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J Neurosci. 1994 May;14(5 Pt 2):3072-82.

An animal model of early-treated PKU.

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  • 1Department of Psychology, University of Pennsylvania School of Medicine, Philadelphia.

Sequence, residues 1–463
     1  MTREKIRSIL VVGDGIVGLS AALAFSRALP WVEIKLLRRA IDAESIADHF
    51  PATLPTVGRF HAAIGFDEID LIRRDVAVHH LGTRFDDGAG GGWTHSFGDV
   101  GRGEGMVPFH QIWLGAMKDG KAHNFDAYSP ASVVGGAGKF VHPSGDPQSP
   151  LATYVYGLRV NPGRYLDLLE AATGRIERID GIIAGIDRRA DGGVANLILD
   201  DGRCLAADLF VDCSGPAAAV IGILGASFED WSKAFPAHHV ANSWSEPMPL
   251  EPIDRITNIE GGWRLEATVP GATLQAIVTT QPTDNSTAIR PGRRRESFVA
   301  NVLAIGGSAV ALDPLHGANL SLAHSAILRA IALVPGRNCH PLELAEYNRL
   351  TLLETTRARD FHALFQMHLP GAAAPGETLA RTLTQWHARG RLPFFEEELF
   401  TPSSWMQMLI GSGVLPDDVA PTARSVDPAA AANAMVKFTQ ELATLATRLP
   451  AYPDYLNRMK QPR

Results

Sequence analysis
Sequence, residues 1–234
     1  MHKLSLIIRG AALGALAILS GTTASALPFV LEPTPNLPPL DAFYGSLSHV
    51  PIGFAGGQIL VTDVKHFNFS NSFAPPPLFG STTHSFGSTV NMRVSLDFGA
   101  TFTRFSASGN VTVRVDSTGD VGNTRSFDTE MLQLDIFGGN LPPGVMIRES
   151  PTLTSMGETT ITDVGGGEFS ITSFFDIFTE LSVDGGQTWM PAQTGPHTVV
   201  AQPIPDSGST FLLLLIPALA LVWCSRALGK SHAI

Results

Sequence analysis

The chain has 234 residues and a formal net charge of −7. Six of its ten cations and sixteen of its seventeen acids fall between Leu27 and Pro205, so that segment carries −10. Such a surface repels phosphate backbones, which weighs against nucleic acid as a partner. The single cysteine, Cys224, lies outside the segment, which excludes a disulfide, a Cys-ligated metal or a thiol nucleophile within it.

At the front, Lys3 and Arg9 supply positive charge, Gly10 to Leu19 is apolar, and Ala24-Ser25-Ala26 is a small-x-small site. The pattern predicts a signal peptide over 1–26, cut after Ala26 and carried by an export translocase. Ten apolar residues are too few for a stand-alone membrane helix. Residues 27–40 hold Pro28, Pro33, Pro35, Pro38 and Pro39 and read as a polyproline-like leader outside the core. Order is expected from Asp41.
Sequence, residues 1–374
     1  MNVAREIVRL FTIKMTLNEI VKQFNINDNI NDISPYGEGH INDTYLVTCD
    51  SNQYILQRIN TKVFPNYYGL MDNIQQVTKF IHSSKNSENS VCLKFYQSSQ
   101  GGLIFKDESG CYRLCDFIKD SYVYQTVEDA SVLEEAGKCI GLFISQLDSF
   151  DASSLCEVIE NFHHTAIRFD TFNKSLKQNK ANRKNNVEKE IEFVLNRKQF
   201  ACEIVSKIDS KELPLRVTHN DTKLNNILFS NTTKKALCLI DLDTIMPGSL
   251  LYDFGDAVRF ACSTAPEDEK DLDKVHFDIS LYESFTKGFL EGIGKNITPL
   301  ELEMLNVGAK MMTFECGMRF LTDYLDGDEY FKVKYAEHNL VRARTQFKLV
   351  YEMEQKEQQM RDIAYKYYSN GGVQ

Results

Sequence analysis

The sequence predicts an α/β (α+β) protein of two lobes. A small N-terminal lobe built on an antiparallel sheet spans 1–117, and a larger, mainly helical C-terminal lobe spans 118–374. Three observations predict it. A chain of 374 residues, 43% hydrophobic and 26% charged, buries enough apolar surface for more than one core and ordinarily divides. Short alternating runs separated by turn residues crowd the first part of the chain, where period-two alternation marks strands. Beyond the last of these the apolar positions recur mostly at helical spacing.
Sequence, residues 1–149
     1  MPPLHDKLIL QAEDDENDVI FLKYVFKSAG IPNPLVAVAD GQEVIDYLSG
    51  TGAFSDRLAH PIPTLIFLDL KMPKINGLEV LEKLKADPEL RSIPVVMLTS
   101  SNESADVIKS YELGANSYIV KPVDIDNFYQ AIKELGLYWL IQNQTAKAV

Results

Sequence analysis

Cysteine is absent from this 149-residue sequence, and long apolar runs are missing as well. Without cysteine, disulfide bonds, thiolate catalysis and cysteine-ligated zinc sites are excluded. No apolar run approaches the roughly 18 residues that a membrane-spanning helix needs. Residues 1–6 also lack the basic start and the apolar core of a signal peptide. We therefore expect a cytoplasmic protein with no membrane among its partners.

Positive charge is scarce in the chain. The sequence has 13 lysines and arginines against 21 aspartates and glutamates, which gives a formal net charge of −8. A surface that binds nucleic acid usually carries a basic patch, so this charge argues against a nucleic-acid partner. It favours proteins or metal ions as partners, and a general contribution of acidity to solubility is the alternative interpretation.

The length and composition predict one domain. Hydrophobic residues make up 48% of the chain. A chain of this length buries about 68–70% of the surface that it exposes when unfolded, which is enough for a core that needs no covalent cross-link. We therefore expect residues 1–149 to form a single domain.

Phenylketonuria (PKU) is a genetic disorder in which the hydroxylation of phenylalanine (Phe) to tyrosine is severely disrupted. If PKU is left untreated, severe mental retardation results. The accepted treatment is to restrict dietary intake of Phe. It has generally been thought that cognitive impairments are prevented if levels of Phe in plasma are maintained at or below five times the normal level. However, we recently documented that children treated early and continuously for PKU or children mildly hyperphenylalaninemic, who have levels of Phe in plasma approximately three to five times normal, still have cognitive impairments. These impairments are specific to the functions of frontal cortex (A. Diamond, W. Hurwitz, E. Lee, W. Grover, and C. Minarcik, unpublished observations). To investigate the mechanism underlying these cognitive deficits, an animal model of this condition was developed and characterized. Thirty-six rat pups were divided into three groups. The first group was treated pre- and postnatally with Phe and alpha-methylphenylalanine (a phenylalanine hydroxylase inhibitor). The second group was injected postnatally with Phe and alpha-methylphenylalanine. The third group received postnatal control injections. The mild plasma Phe elevations in the two experimental groups produced significant behavioral and neurochemical effects. Both experimental groups were impaired on a task dependent on frontal cortex, delayed alternation. Levels of dopamine, homovanillic acid (HVA), norepinephrine, and 5-hydroxyindole acetic acid (5-HIAA) were measured in medial prefrontal cortex, anterior cingulate cortex, striatum, and nucleus accumbens. The largest neurochemical reductions observed were in HVA and were in the two frontal cortical areas (medial prefrontal cortex and anterior cingulate cortex). There were modest reductions in HVA in the nucleus accumbens but no significant changes in HVA, or in any other metabolite or neurotransmitter, in the striatum. The levels of 5-HIAA were also reduced in all brain regions examined. There was no effect on norepinephrine in any of the four regions examined. Reduced levels of HVA in medial prefrontal cortex were the only neurochemical effect that significantly correlated with every measure of performance on the delayed alternation task. This study provides evidence of deleterious effects from mild elevations in the levels of Phe in plasma previously considered small enough to be safe. These effects include impaired performance on a cognitive task dependent on frontal cortex and reduced HVA levels in frontal cortex.(ABSTRACT TRUNCATED AT 400 WORDS)

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